Archive for SMTP

IIS SMTP Folder Structure and how SMTP service works

The message store of the SMTP service is created when you install the service on IIS. SMTP utilizes this directory structure to process mail. The folders created in the \Inetpub\Mailroot directory structure (message store) are listed below:

  • Pickup: The SMTP service processes messages from the Pickup folder as outbound messages or as messages for delivery. If the message is intended for users that are members of the local domain managed by the SMTP service, the SMTP service moves the message to the Drop folder.
  • Drop: Incoming messages intended for the local domains are placed in the Drop folder. This is true for all recipients because the SMTP service does not maintain a mailbox for each recipient.
  • Queue: Messages that cannot be immediately delivered are moved by the SMTP service to the Queue folder from the Pickup folder. The SMTP service repeatedly attempts to deliver messages stored in the Queue folder.
  • Badmail: The Badmail folder stores messages that could not be forwarded to the recipient, even after attempts have been made for a predefined number of times. Another characteristic of messages in the Badmail folder is that the messages cannot be returned to the senders of these messages by SMTP. This means that administrators have to handle messages residing in the Badmail message store.
  • Mailbox, Route, SortTemp: Because these folders are not utilized in IIS 6, you can delete them from the SMTP directory structure.

The events that occur when SMTP processes mail are listed below:

  1. The SMTP service, smtpsvc.dll, runs in-process in the Inetinfo.exe IIS process.
  2. Smtpsvc.dll monitors TCP port 25 for any incoming messages.
  3. It monitors the Pickup folder for all outgoing messages.
  4. SMTP places messages for users that are members of the local domain it manages in the Drop folder for delivery.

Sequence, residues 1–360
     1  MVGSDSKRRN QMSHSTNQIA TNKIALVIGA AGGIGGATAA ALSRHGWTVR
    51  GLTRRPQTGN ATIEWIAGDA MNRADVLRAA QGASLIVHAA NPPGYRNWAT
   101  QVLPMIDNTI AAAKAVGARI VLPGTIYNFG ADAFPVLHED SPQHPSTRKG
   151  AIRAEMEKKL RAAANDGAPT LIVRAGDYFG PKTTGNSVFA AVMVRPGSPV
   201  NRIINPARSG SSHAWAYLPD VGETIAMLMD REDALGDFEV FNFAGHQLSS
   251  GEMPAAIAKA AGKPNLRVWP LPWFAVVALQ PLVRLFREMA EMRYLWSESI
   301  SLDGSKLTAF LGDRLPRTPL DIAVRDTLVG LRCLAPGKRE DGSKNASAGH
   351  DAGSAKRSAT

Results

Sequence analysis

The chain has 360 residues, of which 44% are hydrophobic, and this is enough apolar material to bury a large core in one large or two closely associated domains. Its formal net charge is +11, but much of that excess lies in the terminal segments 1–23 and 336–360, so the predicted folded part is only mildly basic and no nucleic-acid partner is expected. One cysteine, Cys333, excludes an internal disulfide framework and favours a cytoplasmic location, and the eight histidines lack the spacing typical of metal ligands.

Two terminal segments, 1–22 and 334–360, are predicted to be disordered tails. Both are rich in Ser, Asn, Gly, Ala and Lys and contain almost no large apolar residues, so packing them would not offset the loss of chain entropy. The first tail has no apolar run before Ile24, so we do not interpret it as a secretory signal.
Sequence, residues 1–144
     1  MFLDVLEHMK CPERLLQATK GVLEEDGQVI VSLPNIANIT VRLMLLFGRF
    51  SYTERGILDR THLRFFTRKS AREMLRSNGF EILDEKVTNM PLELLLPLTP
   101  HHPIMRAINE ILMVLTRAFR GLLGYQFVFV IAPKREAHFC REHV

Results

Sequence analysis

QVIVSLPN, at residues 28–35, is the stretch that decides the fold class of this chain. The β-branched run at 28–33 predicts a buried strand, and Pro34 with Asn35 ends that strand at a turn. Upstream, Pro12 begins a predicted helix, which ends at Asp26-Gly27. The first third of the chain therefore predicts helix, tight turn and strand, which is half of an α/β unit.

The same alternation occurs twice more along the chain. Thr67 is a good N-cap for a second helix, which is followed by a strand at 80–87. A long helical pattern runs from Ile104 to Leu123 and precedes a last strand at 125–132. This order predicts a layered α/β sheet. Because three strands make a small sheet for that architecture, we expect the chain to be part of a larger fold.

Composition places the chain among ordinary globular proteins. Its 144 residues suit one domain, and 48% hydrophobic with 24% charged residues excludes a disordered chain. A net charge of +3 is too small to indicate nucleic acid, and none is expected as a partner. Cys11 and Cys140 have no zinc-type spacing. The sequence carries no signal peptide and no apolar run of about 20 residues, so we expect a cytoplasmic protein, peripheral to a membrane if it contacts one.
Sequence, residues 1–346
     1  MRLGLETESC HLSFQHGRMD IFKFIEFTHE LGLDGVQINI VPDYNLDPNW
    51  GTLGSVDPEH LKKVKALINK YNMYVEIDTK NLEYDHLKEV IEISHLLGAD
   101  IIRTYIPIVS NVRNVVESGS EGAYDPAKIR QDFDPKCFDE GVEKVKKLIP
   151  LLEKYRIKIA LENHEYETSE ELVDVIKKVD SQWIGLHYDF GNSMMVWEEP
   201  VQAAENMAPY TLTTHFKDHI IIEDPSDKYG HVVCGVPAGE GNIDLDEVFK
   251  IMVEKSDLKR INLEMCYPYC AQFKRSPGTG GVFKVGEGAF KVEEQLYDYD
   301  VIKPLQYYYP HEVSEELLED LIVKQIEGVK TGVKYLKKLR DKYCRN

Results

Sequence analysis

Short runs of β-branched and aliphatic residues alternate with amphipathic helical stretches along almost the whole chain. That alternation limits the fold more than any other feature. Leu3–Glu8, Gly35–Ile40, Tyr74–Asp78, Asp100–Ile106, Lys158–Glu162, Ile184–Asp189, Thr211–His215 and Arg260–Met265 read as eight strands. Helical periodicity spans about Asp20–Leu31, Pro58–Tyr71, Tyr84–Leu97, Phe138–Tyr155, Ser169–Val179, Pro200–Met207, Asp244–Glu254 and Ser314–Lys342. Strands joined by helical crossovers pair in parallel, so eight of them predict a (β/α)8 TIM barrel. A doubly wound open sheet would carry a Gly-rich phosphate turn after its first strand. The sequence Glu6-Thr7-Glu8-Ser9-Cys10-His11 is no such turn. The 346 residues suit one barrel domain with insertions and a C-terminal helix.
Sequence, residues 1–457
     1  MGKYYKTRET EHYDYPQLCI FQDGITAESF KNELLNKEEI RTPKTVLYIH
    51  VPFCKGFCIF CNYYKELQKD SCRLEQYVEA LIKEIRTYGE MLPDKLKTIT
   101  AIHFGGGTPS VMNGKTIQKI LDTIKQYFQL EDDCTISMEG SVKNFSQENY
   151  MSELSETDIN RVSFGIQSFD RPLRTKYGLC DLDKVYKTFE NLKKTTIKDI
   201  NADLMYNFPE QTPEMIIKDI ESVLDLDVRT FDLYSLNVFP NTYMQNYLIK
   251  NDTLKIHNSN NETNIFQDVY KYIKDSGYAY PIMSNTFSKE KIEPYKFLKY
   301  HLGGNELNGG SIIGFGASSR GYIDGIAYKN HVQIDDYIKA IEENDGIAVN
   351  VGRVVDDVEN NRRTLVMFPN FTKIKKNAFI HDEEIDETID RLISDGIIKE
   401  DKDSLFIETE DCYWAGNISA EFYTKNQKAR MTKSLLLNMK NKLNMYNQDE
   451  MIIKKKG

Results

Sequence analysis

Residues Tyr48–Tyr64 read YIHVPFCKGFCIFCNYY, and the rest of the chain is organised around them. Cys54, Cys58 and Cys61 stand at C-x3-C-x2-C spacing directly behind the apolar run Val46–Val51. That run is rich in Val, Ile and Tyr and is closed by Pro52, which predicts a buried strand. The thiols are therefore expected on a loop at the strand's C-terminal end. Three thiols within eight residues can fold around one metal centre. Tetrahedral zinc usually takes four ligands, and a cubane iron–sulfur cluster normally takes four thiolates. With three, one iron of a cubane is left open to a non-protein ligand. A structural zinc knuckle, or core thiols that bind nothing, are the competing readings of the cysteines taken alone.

5. If a message has to be sent to a user that is a member of a different or remote domain, an ASP application has to create and place the outgoing message in the Pickup folder. This is done through the ASP application using CDOSYS.
  6. The SMTP service then performs a DNS lookup on the name server so that it can find the SMTP host that manages the remote domain. The port used for this process is port 53. The SMTP service checks for the MX record for the remote domain.
  7. After the fully qualified domain name (FQDN) of the remote SMTP host is determined, the SMTP service attempts to create a connection with the remote SMTP host to transfer the message for the recipient to it. Port 25 is utilized for the message transfer.
  8. If a connection cannot be established with the remote SMTP host, the SMTP service places the message in the Queue folder.
  9. If a connection can be established with the remote SMTP host but the connection is rejected by the remote SMTP host, the SMTP service forwards the sender of the message a non-delivery report (NDR), and returns the message as well. The message is placed in the Badmail folder if it cannot be returned to the sender.
  10. If a connection can be established with the remote SMTP host and the remote SMTP host accepts the connection, the SMTP service transfers the message to the remote SMTP host.
  11. After the message is received by the remote SMTP host it is sent to the POP3 or IMAP mail server which contains the mailbox of the intended recipient.
  12. The message is downloaded when the client connects to the POP3 or IMAP mail server.

Original Article Link : http://www.tech-faq.com/understanding-and-managing-smtp-virtual-servers.shtml

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